Cat Acupuncture: A Primer


Acupuncture is a form of traditional Chinese medicine (TCM) that dates back more than 3,000 years. It has been used on animals almost as long: a manual on the use of acupuncture on elephants, thought to be 3,000 years old, was found in Sri Lanka in 1979.

Over the centuries, practitioners mapped out a series of acupuncture points connected together like Christmas lights by pathways called meridians. Cats have 112 of these acupoints.

In traditional Chinese medicine, disease is viewed as the result of a blocked or excessive flow of chi, or life energy, through the meridians. Acupuncture is one of a variety of therapies including herbs, acupressure, exercise and diet, that TCM practitioners use to restore the proper flow of chi.

Acupuncture involves inserting very fine, filament-like needles at the acupuncture points. The needles trigger the release of endorphins, the brain's natural opiates, which relieves pain and provides a sense of well-being. They also stimulate the acupoints, which can act on the nervous, immune, and endocrine systems.

TCM practitioners believe that in addition to any effect on body chemistry, the insertion of needles at the acupoints can stimulate or suppress the flow of chi and restore the body to balance.

The western approach to veterinary acupuncture typically involves inserting the needles in the region where the animal feels pain rather than in one of the traditional acupoints elsewhere on the body. Western vets use acupuncture most often for problems like arthritis, back pain, tendon injuries, hip or elbow dysplasia, and physical problems of the nervous system.

The International Veterinary Acupuncture Society IVAS states that acupuncture is indicated mainly for functional problems such as those that involve paralysis, noninfectious inflammation (e.g., allergies), and pain, including musculoskeletal problems such as arthritis or vertebral disc pathology; skin problems such as lick granuloma; respiratory problems like feline asthma; gastrointestinal problems such as diarrhea; and selected reproductive problems.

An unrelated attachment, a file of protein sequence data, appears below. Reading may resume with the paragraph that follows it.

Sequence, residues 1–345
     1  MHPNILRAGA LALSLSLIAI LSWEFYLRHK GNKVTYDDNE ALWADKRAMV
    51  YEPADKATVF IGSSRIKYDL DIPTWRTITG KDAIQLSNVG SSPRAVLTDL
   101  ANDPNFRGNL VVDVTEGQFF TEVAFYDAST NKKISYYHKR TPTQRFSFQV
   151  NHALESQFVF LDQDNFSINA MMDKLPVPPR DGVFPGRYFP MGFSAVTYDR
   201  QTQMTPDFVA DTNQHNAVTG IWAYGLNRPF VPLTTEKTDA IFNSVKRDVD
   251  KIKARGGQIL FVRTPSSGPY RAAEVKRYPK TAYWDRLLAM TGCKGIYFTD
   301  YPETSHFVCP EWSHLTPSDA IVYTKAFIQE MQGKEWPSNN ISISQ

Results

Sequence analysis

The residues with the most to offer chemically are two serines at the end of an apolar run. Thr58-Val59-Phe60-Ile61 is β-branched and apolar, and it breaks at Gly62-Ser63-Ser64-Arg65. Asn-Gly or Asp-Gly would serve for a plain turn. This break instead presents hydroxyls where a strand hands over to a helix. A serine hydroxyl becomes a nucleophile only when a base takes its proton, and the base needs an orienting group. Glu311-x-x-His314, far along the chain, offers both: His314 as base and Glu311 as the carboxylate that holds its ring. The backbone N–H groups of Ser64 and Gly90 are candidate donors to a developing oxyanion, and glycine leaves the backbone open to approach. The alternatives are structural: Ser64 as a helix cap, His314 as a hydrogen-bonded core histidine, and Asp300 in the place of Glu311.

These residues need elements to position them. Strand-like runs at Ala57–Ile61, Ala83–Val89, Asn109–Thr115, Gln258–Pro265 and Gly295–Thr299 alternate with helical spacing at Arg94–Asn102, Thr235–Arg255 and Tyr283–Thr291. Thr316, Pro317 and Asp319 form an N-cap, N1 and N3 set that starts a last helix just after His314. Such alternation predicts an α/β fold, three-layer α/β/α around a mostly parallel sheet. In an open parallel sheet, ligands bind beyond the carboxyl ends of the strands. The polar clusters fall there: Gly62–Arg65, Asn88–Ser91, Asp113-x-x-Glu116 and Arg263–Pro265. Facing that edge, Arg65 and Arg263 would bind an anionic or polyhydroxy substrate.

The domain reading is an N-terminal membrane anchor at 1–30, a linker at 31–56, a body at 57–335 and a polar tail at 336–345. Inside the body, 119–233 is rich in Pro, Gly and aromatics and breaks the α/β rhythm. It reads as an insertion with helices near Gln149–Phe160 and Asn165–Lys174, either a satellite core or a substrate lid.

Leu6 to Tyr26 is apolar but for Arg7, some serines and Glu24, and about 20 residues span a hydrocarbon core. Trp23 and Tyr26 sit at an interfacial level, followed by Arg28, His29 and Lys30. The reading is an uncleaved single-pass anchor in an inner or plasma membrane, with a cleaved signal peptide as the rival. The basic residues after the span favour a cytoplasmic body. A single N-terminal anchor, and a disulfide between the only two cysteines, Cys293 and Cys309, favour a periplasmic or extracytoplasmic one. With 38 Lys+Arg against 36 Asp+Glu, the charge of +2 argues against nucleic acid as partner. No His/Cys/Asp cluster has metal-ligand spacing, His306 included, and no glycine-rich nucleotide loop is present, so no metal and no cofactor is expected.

It may be hard to believe that a cat would sit still and accept having needles stuck in him. While some cats won't tolerate the treatment, the vast majority of cats do. When conducted by a qualified, experienced practitioner, acupuncture doesn't cause pain or distress.

Acupuncture needles are much smaller than a normal hypodermic needle, generally only 0.02mm wide, so they don't hurt like injections or blood draws do. Sometimes there can be a slight initial prick, but this does not persist when the needle is left in the skin.

Because cats don't anticipate and worry about their upcoming appointment, they have less stress, and therefore less pain, than a human might.

An experienced veterinary acupuncturist will be sympathetic to your cat's needs. Techniques like using a minimal number of needles, inserting a few at a time, and letting the cat rest and stretch out between needles will make the treatment gentle and pleasant.

If your cat really can't deal with needles but acupuncture could help, there are modern methods of needle-less acupuncture such as low-level lasers and infrared light.

Acupuncture for cats is a medical procedure and should only be performed by a qualified veterinary acupuncturist. Do not have the procedure performed by someone who gives acupuncture solely to humans. Your vet may be able to recommend a colleague trained as a veterinary acupuncturist; if not, the IVAS has a vet locator. The American Academy of Veterinary Acupuncture also has a listing of US-based veterinary acupuncturists.

Acupuncture should not be used as an alternative to drugs or surgery for the treatment of severe or acute pain. It may not be appropriate for cats with cancer, either. As always, before you choose to undertake any kind of medical treatment, holistic or otherwise, for your cat, do your research and talk to people you trust -- including your vet.

To find out more about feline acupuncture, check out Acupuncture for Cats by Lyndsey Wedemyer or Four Paws, Five Directions by Cheryl Schwartz.

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